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    ABSTRACT: Studies have produced contradictory evidence for seasonal variation in the incidence of Guillain-Barre Syndrome (GBS), possibly due to the potentially confounding factor of the prodromal illness, for example peaks in Winter following influenza balanced by peaks in Summer due to diarrhoeal disease. The morbidity and mortality of GBS is influenced by the subtype of neuronal pathology, which may also depend upon the nature of the prodromal illness, for example axonal forms being associated with Campylobacter jejuni infection. In an attempt to study these interactions, we performed a retrospective cohort study of admission for GBS at a large teaching hospital to identify seasonal variation in incidence, subtype and associated prodromal illness. Patients admitted to the Oxford University Hospitals NHS Trust from 2001-2012 were initially identified as having a primary diagnosis of GBS by hospital coding. Seasons were defined as 3 month periods, starting from January to March (Winter). Clinical notes were then reviewed to confirm the diagnosis. Where available, the neurophysiological subtype and nature of any prodromal illness were identified. Variation in seasonal incidence was determined by chi-squared tests, and continuous variables were compared using ANOVA. Over the 11 year period, 140 patients were confirmed as having GBS, comprising 111 AIDP, 10 AMAN, 6 ASMAN, 5 Miller Fisher, 8 undetermined. There was a significant variation in seasonal incidence (p=0.037), with GBS significantly more common in Winter versus Summer (48 versus 25, p=0.007), with comparable numbers in Autumn (33) and Spring (34). A shorter average length of stay was observed in Winter compared to other seasons (15 versus 25 days, p=0.02). A specific entry regarding prodromal illness was identifiable in the clinical notes of 59/140 (42%). Of these, 22 (37%) reported an influenza-like illness, and 19 (32%) a diarrhoeal illness. In these cases, the increased incidence of GBS in Winter was partly explained by an increased incidence of GBS preceded by an influenza-like illness in Winter versus Summer (14 versus 3, p=0.012). Although there was no significant relationship between prodromal illness and GBS subtype due to the low number of axonal forms, where identifiable, all cases of AMAN had a diarrhoeal prodromal illness. In this study population, we demonstrated a significant Winter peak of GBS admissions, which we interpret as being related to the increased incidence of influenza-like illnesses. Possible factors in the significantly shorter hospital stay we observed during these peak times include less severe cases, or the increased preparedness of acute services.
    Journal of neurology, neurosurgery, and psychiatry 11/2013; 84(11):e2. · 4.87 Impact Factor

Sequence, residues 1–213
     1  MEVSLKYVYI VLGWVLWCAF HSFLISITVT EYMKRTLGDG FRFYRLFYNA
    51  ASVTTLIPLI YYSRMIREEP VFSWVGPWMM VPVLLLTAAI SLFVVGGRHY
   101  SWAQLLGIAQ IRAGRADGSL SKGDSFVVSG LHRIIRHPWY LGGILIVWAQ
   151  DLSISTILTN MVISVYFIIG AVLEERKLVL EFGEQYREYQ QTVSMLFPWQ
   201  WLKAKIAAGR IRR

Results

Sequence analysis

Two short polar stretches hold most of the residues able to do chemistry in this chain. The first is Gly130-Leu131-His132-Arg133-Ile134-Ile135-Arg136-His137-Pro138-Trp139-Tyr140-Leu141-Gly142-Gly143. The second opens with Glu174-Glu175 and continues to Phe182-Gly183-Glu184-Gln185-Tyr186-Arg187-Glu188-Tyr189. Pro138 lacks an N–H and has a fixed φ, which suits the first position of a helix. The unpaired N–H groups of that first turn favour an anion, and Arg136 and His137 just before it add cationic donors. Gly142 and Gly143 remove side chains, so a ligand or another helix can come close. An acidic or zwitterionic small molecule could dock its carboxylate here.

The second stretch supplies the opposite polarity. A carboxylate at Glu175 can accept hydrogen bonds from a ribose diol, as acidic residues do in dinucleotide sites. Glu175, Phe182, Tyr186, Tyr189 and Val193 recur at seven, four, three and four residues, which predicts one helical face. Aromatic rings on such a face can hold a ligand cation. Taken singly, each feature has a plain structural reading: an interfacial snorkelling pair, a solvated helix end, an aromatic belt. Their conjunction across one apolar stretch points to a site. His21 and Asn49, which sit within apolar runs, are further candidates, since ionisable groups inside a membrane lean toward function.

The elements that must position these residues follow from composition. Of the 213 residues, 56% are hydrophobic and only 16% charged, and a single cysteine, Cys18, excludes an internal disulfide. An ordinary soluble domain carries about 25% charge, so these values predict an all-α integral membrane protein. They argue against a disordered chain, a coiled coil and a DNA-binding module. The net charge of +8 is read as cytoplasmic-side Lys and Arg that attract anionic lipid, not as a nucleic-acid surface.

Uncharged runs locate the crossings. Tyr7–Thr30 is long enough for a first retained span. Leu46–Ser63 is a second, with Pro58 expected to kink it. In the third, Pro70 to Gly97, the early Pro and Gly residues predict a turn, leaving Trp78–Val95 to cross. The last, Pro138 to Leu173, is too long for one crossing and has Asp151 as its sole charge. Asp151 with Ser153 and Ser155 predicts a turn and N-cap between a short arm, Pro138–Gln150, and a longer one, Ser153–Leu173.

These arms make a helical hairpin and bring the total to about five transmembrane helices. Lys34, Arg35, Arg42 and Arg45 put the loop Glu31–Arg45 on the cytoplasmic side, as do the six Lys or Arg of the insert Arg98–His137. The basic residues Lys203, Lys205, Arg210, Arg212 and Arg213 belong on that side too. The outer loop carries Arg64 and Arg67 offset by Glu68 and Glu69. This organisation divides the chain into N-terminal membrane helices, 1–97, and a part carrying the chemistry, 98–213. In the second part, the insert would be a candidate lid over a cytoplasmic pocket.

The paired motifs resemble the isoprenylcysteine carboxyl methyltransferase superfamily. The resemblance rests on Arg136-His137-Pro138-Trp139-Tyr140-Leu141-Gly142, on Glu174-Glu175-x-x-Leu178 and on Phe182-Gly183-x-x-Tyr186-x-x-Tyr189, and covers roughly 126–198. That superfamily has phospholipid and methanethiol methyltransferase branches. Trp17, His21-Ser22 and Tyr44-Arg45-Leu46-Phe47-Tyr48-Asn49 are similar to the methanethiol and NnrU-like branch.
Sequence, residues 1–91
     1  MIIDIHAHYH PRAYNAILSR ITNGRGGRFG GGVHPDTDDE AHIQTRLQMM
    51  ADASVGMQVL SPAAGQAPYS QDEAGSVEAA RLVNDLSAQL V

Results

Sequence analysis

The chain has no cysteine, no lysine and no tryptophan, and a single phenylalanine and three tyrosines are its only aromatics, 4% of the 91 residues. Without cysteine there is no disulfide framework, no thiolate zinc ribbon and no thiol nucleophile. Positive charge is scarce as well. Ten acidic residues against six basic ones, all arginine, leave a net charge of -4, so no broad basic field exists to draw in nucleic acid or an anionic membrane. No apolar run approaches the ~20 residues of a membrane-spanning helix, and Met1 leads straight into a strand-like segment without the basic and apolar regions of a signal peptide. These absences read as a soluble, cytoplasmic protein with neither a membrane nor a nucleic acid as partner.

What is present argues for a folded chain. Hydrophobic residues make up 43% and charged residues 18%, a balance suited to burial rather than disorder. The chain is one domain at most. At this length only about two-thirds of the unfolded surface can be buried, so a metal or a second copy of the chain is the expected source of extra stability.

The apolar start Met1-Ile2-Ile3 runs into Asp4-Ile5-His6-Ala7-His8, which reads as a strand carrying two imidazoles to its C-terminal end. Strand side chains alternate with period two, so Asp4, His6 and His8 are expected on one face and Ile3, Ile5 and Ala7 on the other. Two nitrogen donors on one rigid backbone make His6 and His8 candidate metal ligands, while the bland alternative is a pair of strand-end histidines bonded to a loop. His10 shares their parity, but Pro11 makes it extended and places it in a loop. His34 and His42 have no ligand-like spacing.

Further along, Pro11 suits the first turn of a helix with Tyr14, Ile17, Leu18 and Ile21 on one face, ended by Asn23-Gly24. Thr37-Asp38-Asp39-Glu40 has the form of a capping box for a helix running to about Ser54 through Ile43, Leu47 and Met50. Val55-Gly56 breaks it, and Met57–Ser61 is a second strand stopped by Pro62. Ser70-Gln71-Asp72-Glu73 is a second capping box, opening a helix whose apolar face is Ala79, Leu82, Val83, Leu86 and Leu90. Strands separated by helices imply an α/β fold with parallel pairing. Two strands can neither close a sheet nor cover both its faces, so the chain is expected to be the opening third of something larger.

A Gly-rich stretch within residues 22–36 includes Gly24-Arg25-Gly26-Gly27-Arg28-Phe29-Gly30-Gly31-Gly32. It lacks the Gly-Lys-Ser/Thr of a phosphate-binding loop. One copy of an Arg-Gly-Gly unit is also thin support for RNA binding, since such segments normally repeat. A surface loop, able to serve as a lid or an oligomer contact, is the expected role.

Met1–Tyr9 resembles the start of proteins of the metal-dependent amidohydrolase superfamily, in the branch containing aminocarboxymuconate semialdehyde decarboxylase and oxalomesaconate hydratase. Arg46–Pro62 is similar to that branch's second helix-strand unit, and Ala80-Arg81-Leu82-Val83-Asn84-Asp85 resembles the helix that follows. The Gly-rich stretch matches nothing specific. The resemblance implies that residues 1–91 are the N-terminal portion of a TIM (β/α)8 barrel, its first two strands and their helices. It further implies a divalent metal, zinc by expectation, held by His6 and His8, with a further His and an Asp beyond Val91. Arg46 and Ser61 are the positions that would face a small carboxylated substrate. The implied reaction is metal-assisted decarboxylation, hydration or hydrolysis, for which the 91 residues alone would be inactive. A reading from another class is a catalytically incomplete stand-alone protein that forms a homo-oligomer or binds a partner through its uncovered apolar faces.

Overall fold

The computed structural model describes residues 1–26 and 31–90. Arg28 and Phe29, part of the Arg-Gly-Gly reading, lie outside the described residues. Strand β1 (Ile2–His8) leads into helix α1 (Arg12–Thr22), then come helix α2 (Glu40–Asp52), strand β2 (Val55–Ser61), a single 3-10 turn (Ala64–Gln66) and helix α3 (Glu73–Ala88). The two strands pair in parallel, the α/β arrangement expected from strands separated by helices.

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    ABSTRACT: There have been a large number of case-control studies using diffusion tensor imaging (DTI) in amyotrophic lateral sclerosis (ALS). The objective of this study was to perform an individual patient data (IPD) meta-analysis for the estimation of the diagnostic accuracy measures of DTI in the diagnosis of ALS using corticospinal tract data. MEDLINE, EMBASE, CINAHL, and Cochrane databases (1966-April 2011) were searched. Studies were included if they used DTI region of interest or tractography techniques to compare mean cerebral corticospinal tract fractional anisotropy values between ALS subjects and healthy controls. Corresponding authors from the identified articles were contacted to collect individual patient data. IPD meta-analysis and meta-regression were performed using Stata. Meta-regression covariate analysis included age, gender, disease duration, and Revised Amyotrophic Lateral Sclerosis Functional Rating Scale scores. Of 30 identified studies, 11 corresponding authors provided IPD and 221 ALS patients and 187 healthy control subjects were available for study. Pooled area under the receiver operating characteristic curve (AUC) was 0.75 (95% CI: 0.66-0.83), pooled sensitivity was 0.68 (95% CI: 0.62-0.75), and pooled specificity was 0.73 (95% CI: 0.66-0.80). Meta-regression showed no significant differences in pooled AUC for each of the covariates. There was moderate to high heterogeneity of pooled AUC estimates. Study quality was generally high. Data from 19 of the 30 eligible studies were not ascertained, raising possibility of selection bias. Using corticospinal tract individual patient data, the diagnostic accuracy of DTI appears to lack sufficient discrimination in isolation. Additional research efforts and a multimodal approach that also includes ALS mimics will be required to make neuroimaging a critical component in the workup of ALS.
    Academic radiology 09/2013; 20(9):1099-106. · 2.09 Impact Factor
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    ABSTRACT: To study whether the risk of amyotrophic lateral sclerosis (ALS) is increased in people with prior autoimmune disease. An all-England hospital record-linkage dataset spanning 1999-2011 was used. Cohorts were constructed of people with each of a range of autoimmune diseases; the incidence of ALS in each disease cohort was compared with the incidence of ALS in a cohort of individuals without prior admission for the autoimmune disease. There were significantly more cases than expected of ALS associated with a prior diagnosis of asthma, celiac disease, younger-onset diabetes (younger than 30 years), multiple sclerosis, myasthenia gravis, myxedema, polymyositis, Sjögren syndrome, systemic lupus erythematosus, and ulcerative colitis. Autoimmune disease associations with ALS raise the possibility of shared genetic or environmental risk factors.
    Neurology 08/2013; · 8.30 Impact Factor

Publication Stats

1k Citations
496.91 Total Impact Points


  • 2009–2014
    • University of Oxford
      • • Nuffield Department of Clinical Neurosciences
      • • Department of Public Health
      Oxford, England, United Kingdom
    • Nottingham University Hospitals NHS Trust
      Nottigham, England, United Kingdom
  • 2007–2014
    • Oxford University Hospitals NHS Trust
      • • Department of Clinical Neurology
      • • Department of Neurology
      Oxford, England, United Kingdom
  • 2013
    • University of Miami
      كورال غيبلز، فلوريدا, Florida, United States
  • 2007–2012
    • King's College London
      • MRC Centre for Neurodegeneration Research
      London, ENG, United Kingdom